“This election will make a huge difference in your lives,” the speaker said. “We must remember that the decisions we make today will affect our lives in ways we cannot even imagine. Eleven days. It’s not over. We have to put our pedal to the metal until the checkered flag is behind us.”

U.S. Senator Sheldon Whitehouse ’78, a Democrat from Rhode Island, addressed an audience hosted by the Yale College Democrats and Yale Student Environmental Coalition this Friday afternoon in the Branford common room while visiting his daughter, Mary Whitehouse ’11, for Parent’s Weekend.

[ydn-legacy-photo-inline id=”11733″ ]

Whitehouse answered questions about his time as a member of the Special Committee on Aging, the Budget Committee, the Environmental and Public Works Committee, the Judiciary Committee, and the Select Committee on Intelligence in the U.S. Senate.

Senator Whitehouse opened his talk by thanking the Yale organizations who have been canvassing in various swing states. He reminded students at both the beginning and end of his talk that there were—as of Friday—only eleven days until Election Day.

“Don’t let up; we don’t have the chance to exhale,” he said. “It looked pretty good last time, too.”

Whitehouse was confident in the ability of Democrats to take more seats in the Senate as well as the presidency. Whitehouse said he looks forward to what he hopes will be a productive time in the Senate, adding that he sees the upcoming election as an opportunity for Democrats to lead by example.

“As Benjamin Franklin wrote, ‘to show how one stick is crooked, the best way is to simply put a straight stick beside it,’” Whitehouse said. “We have a chance after this election to be the straight stick to allow us to govern effectively after this moment.”

Congress will face “big problems” in the opening months of the next administration, Whitehouse said. And while some problems were less complex than they seemed, he continued, Congress should shy away from overly-simplistic or partisan solutions.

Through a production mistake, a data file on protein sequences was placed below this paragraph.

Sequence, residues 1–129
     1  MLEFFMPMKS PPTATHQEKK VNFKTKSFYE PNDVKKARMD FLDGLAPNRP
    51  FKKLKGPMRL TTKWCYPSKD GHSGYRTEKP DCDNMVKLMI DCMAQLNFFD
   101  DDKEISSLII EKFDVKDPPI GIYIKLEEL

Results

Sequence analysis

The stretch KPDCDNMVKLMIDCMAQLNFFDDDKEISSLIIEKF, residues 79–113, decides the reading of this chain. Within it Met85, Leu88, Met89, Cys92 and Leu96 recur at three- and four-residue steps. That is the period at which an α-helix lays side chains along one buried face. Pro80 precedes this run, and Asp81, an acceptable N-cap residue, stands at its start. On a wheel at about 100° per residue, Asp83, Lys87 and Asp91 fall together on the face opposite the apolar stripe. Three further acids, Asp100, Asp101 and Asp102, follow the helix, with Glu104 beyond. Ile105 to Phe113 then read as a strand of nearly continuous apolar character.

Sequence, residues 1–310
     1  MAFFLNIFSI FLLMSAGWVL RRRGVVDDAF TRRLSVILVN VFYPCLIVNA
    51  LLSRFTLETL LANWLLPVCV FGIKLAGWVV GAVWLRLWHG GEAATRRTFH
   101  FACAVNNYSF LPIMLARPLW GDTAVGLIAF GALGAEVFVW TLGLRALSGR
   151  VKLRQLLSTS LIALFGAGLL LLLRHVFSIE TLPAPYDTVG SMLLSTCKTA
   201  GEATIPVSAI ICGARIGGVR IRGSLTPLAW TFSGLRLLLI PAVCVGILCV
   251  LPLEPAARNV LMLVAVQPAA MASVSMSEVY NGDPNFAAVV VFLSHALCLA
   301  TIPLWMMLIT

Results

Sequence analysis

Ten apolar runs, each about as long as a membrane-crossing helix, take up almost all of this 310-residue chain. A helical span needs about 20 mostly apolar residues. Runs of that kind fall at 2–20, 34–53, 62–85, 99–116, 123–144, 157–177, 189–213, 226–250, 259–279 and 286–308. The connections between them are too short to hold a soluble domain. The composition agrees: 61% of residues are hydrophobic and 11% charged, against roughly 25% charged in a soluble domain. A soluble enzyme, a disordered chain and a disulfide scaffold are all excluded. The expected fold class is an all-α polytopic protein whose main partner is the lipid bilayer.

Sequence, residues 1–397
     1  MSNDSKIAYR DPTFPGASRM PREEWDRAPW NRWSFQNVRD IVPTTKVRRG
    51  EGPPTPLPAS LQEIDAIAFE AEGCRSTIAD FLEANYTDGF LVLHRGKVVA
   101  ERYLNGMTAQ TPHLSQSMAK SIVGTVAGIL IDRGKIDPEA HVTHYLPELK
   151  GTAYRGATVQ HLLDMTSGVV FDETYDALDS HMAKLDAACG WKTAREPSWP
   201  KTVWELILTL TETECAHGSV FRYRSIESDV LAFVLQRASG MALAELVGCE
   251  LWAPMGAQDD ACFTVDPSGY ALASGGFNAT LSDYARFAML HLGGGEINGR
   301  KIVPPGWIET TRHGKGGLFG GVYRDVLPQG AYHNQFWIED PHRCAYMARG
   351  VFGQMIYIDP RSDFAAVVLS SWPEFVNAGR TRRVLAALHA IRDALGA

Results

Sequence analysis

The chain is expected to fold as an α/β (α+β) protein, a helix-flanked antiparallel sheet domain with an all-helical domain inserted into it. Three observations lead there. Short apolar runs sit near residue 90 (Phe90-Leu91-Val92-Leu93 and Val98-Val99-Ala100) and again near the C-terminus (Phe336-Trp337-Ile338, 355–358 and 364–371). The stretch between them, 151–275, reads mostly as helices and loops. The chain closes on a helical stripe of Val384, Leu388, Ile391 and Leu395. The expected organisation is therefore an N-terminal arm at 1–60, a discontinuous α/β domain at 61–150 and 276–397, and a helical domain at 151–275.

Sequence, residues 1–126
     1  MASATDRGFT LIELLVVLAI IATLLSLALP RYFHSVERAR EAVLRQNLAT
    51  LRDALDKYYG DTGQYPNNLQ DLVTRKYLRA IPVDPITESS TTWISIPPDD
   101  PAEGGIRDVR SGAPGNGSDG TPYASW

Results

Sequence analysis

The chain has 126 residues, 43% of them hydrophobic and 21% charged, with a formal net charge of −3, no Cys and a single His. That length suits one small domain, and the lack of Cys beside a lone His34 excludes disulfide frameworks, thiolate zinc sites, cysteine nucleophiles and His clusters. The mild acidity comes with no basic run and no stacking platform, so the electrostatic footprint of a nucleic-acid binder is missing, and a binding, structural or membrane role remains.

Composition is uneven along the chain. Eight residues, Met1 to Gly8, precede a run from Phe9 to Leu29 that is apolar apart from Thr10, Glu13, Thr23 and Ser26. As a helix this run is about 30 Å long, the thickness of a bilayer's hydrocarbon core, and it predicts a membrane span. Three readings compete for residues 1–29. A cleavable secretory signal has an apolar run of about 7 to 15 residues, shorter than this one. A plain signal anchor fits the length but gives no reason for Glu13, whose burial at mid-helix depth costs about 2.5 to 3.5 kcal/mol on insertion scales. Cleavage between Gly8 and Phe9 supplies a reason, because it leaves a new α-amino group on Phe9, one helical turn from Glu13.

Even if the Democrats do not gain as many seats as they desire, Senator Whitehouse said some Republican Senators — Olympia Snowe R-ME, Lamar Alexander R-TN, Susan Collins R-ME, and Lindsey Graham R-SC — may be willing to vote Democratic on some key issues: .

“If President Obama keeps his popularity, Senators won’t want to cross Obama and get their seats taken away,” Whitehouse said. “If the Democrats do a good job, we should be able to govern effectively issue by issue.”

After Whitehouse opened the session to questions, Alexander Martone ’10 asked the senator, “What values can we rally around intellectually as a party that can keep us together?”

“We must continue treating ourselves as repairmen rather than ideologues,” Whitehouse replied. “We have significant responsibility to restore our political attention to the middle class.”

In response to a question from David Porter ’10, Whitehouse said an effective Democratic majority needs to stay focused on its legislative agenda and avoid becoming ensnared in corruption scandals that would divert attention from the party’s legislative platform.

“Two bad things can go wrong,” Whitehouse replied. “Someone gets greedy and stupid and uses power corruptly like Tom Delay, or we can get carried away with ideology and have another Terri Schiavo moment.”

Senator Whitehouse said that a reasonable amount of infighting amongst various Democratic factions on specifics is “a quality problem to have,” and added that he thinks campaign-related sparring will end once Congress opens in January.

For instance, while Whitehouse sees Senator Hillary Clinton — whom he supported in the Democratic primaries — as a powerful uniting force in the Democratic party, his support for Senator Barack Obama as the Democratic presidential nominee has been unyielding.

“Barack Obama’s going to be a spectacular president, and I’m really excited,” Whitehouse said. “This election is kind of like watching planets come into alignment, like this was meant to happen.”

Whitehouse, the junior senator from Rhode Island, defeated Republican incumbent Lincoln Chafee in 2006 by a 53-47 margin.